Thursday, 11 November 2010

headline fail... in fact, total fail

there have some cases in hamilton of men being abducted and raped. it turns out that the police have now made an arrest, so how do you think it was reported in the waikato times? with the following blaring headline on the front page of yesterday's paper:

Man-sex cases: arrest made

really? seriously? the best way you can describe male sexual assault is "man-sex"??? have you all not heard of the word "rape"? it's a simple four-letter word, it clearly describes what happened, it doesn't take up much space. in a side-bar, they manage to use the tag "sex attacks on men", which at least gives the notion of lack of consent. see, it's not so hard is it?

but that isn't the only bit of fail in the article. check out the last few paragraphs:

Waikato University Associate Professor Doug Boer said male rape victims were even more reticent than women when it came to reporting being sexually assaulted "because of the assault on their self-image as a man as well as being a rape victim".

"Also, men don't generally conceive of themselves as potentially a victim of sexual assault, so when it happens it is entirely counter to the victim's sense of what is possible."

again, i have to say, really? you think women's self-image doesn't take a hit when they become a rape victim? it surely does. and they way female rape victims are treated, particularly by our media, by our justice system & by society in general, well all of that creates quite a considerable barrier to women reporting rape & sexual assault. in fact, i've read that only 1 in 10 cases will be reported.

if that figure is less for men (and i'd like to see the evidence), then yes, that needs some unpacking. a lot of it will be related to the way gender is constructed in our society, as well as to homophobia. but the way this is worded - "assault on their self-image" - as if this is something that just happens to men, it's just pathetic.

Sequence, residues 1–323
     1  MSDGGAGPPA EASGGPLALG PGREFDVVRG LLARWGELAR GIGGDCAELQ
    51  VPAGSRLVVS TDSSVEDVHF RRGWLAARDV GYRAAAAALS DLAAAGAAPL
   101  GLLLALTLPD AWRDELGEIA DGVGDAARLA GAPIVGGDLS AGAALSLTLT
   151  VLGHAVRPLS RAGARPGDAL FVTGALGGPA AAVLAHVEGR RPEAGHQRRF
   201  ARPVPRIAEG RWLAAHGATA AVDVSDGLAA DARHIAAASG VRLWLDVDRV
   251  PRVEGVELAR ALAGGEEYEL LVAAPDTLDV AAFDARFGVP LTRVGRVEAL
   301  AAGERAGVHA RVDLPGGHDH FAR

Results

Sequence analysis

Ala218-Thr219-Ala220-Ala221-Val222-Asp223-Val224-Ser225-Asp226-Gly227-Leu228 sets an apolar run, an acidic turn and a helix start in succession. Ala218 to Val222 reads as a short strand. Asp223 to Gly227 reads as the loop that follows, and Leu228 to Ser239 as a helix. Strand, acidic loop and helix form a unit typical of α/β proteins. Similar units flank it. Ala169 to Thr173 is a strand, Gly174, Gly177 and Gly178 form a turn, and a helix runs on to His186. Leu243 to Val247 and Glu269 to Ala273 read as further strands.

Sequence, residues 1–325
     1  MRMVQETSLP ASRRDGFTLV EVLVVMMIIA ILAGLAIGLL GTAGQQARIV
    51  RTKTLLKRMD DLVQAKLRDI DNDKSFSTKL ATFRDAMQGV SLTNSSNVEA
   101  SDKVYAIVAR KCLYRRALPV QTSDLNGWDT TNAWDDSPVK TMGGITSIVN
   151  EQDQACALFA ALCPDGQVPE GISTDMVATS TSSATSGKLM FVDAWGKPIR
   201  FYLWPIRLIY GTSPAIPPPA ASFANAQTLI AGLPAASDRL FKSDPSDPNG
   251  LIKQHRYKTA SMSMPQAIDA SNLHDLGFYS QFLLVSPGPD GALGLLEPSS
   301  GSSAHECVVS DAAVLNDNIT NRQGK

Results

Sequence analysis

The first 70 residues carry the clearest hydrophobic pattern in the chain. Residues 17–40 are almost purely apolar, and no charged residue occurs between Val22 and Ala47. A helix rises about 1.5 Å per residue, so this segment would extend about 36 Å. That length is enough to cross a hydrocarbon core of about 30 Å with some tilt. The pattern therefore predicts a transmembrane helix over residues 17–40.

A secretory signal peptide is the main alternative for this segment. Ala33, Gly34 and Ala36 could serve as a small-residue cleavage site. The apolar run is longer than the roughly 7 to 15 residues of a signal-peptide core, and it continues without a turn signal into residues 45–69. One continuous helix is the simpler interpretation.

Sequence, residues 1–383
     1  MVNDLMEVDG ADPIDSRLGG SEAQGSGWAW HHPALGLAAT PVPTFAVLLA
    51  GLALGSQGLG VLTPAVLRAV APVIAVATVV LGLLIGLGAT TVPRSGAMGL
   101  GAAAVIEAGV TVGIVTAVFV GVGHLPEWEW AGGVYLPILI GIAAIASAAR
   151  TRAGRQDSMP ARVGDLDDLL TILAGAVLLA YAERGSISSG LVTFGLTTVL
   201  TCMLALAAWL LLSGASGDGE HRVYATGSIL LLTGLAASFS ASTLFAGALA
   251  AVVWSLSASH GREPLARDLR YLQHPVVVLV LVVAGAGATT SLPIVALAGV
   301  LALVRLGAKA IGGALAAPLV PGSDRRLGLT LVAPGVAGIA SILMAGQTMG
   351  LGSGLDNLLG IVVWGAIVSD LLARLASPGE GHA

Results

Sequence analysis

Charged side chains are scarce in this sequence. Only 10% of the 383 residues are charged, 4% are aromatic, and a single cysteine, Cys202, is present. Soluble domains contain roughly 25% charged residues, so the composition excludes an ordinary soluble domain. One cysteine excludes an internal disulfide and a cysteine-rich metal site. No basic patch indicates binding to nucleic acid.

13 comments:

Brett Dale said...

Sexual crimes against males are never taken as seriously by the media than they should be.

It's treated as a joke which is sickening, in fact physical assualts of high school boys arent taken as seriously by schools either.

You would think in this day and age it would be.

ideologicallyimpure said...

Wow, Doug Boer. So when women are raped it isn't as bad because at least we spend our entire lives being aware of the possibility of being victimized? NO COOKIE FOR YOU.

Brett, "in this day and age" I would think plenty of things would be taken more seriously by both the media and the justice system - rape of men and women alike.

David S. said...

"Waikato University Associate Professor Doug Boer said male rape victims were even more reticent than women when it came to reporting being sexually assaulted "because of the assault on their self-image as a man as well as being a rape victim"."

One of the ways men are (generally) judged by society is how masculine they are. How strong, how tough, and how well they able to defend themselves and the people around them. He's saying that men are more reluctant to admit to being a victim of rape because being a victim impacts their image in this regard.

No where did I see him say that rape is worse for men, or that it does not impact on a woman's self-image. He's only stated that a man is less likely to admit to being a victim.

That being said, the headline is pretty fail.

Anonymous said...

I hate it when rape cases are described as 'sex' cases in general - male or female. Rape is not sex. This headline is terrible, but sadly I'm not surprised.

L

Boganette said...

"He's only stated that a man is less likely to admit to being a victim."

I'd like to see what evidence he actually bases that on. Because I can't figure out for the life of me how he's come to that conclusion.

That headline makes me want to smash my head against a brick wall. It's disgusting.

ideologicallyimpure said...

David, keep reading. "Men don't generally conceive of themselves as potentially a victim of sexual assault, so when it happens" etc. etc. Right after referring to reporting rape as an "assault on their self-image".